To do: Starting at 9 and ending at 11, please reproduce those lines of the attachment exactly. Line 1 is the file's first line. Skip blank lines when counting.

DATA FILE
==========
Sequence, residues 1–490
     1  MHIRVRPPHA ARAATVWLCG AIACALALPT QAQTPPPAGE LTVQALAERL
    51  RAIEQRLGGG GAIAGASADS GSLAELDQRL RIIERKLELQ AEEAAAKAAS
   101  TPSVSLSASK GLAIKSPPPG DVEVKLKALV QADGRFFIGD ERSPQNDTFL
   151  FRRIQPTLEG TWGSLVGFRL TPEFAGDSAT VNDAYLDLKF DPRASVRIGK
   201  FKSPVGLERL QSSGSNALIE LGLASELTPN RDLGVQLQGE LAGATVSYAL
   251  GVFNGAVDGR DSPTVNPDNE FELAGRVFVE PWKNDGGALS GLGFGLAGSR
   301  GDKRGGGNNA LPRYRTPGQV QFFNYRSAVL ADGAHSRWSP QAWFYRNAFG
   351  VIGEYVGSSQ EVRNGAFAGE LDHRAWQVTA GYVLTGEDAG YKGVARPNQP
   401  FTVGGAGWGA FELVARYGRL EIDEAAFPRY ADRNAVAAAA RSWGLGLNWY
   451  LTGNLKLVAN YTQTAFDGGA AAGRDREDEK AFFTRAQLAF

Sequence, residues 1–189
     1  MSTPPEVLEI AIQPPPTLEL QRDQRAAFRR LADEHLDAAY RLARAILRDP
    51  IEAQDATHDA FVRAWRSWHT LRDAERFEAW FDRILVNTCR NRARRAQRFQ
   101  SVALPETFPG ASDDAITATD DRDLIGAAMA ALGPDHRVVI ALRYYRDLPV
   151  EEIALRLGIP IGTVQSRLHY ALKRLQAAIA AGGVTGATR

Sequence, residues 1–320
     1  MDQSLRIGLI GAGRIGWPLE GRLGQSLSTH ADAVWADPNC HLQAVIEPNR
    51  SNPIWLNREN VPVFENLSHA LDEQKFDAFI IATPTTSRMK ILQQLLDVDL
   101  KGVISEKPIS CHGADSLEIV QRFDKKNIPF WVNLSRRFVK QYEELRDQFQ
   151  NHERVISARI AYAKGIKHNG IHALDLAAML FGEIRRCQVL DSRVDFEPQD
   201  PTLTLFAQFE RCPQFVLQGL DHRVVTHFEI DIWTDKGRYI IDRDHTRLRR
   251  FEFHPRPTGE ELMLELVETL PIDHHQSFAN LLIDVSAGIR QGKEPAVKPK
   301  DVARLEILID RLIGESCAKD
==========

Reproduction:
   351  VIGEYVGSSQ EVRNGAFAGE LDHRAWQVTA GYVLTGEDAG YKGVARPNQP
   401  FTVGGAGWGA FELVARYGRL EIDEAAFPRY ADRNAVAAAA RSWGLGLNWY
   451  LTGNLKLVAN YTQTAFDGGA AAGRDREDEK AFFTRAQLAF